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Old Yesterday, 03:50 PM   #1
JuGamble
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How Phil Hellmuth made me famous

Quick summary: Story of a poker road trip that ended up sitting at a table with Phil Hellmuth, Fedor Holz and Paul Newey

How Phil Hellmuth made me famous ...somehow

I guess the feeling of being famous comes around not by just reading your name in the news, but when you are recognized by strangers. And this only happened to me once in my life. Once I had my 15 minutes of fame. Okay, it was more like 15 seconds, but it definitely felt like fame for a brief moment, a very brief moment, nano-ish. And I have to admit, it wasn't really me that was recognized – yet somehow I was. I will get to that later.
The interesting part of the story, at least the reason why I am telling this, is that there was the greatest himself involved. My little bit of the sweet candy called fame came on behalf of Mr Phil Hellmuth jr. and it was a shameful one.
But I should start the story from the beginning. So here it is:

My two poker buddies and I decided to play the 1100 Euro Bracelet Event at WSOPE in Berlin some time ago. Our bankrolls were really substantially small, and at least I am not more than a recreational player. But it has been kind of a dream for us to play in the WSOP since we started playing during the boom days. So we put up the money, shared 10% equity each, and got off to Berlin. Yeah, it's not the real WSOP, not Vegas – but wtf.
We had a room booked at a hostel that turned out to be some really strange place. The staff was obviously a bunch of reefers at the reception and some obsessively cleaning housekeepers. The cleaner substance they used unfortunately smelled a bit like cum and the windows could not be opened. Big problem. Ugly smell, smoke detectors in the room and no window to open. We took a little homeopathic 420 outtime on the parking space nearby and headed over to the casino. The cab dropped us off and one of my friends immediately registered for the 550€ PLO Event skipping the 1100€. The other two of us started star spotting. We saw Jonathan Duhamel right in front of us. “Kinda small, he”, my friend and I say almost synchronously. I know it's mean, but what else do noobs like us got... than being mean. Jonathan is a world champion. He should be charitable with some non-accomplishers like us. And that was about it. No more poker gods in sight.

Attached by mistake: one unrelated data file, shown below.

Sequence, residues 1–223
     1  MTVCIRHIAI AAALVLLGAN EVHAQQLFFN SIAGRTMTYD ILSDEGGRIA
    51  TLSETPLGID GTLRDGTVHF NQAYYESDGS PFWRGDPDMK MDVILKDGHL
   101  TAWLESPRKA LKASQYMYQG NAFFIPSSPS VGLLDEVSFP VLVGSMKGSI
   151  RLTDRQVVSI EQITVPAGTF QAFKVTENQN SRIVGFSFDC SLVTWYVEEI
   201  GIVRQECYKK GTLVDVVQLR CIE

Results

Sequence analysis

Our friend lasted for about three hours then got knocked out on a cooler. We went over to another casino, played some cash and called it a night. The next day it happened. We went to the registration counter early but were told there was a delay. The tournament and the registration got delayed by one hour. No problem. 420 outtime in the backyard of the casino.
As we come back, all over sudden we run into Phil Hellmuth. Power celebrity. The brat. Poker super god. And he's damn tall! A poker giant. We took some pictures with him and my friend told him, that it was because of guys like Hellmuth for him losing the heritage of his father.
“You gotta keep believing”, Hellmuth responded gently and walked away.
It was obviously a joke by my friend.
By that time I definitely and undoubtedly became super nervous. Although there were not many players on the floor yet. Then finally the registration opened. I went to the counter and slid two 500 and one 100 Euro bills out of my wallet. More money then I had ever spent on poker. Hell, way to much money for a poker game. Not that I couldn't afford it, it's just completely out of my league. The most I had spend before, was around 200 Euros. But – once in a lifetime. And definitely cheaper than Vegas.
As the clock to “shuffle up and deal” ran down some familiar faces started to show up. A few locals from our hometown, Jonathan Duhamel, George Danzer and some others. And then it all was about to start. The two of us took our seats. Mine was pretty close to the bar, where our friend was waiting with his girlfriend that had come over for a day and another friend of hers. But I had no eyes for them nor my guy at a far away table. My heart was bumping. My hands a little shivering. A dealer began distributing the stacks. The table filled up. Across my seat Paul Newey sat down. Little smallish this 1100 Euro tournament for a high roller like him, I thought. But for some reason I wasn't intimidated by Paul. I thought he would either play careless and accumulate early or spill out his chips or he would play super tight. Two seats to my left I had Mike Leah. Great. Super strong player. Don't mess with him, I told myself. The other faces at the table all looked unfamiliar to me. Two aggressive locals, two probably recreational players given their age and behaviour at the table, and two tight aggressive players from where ever.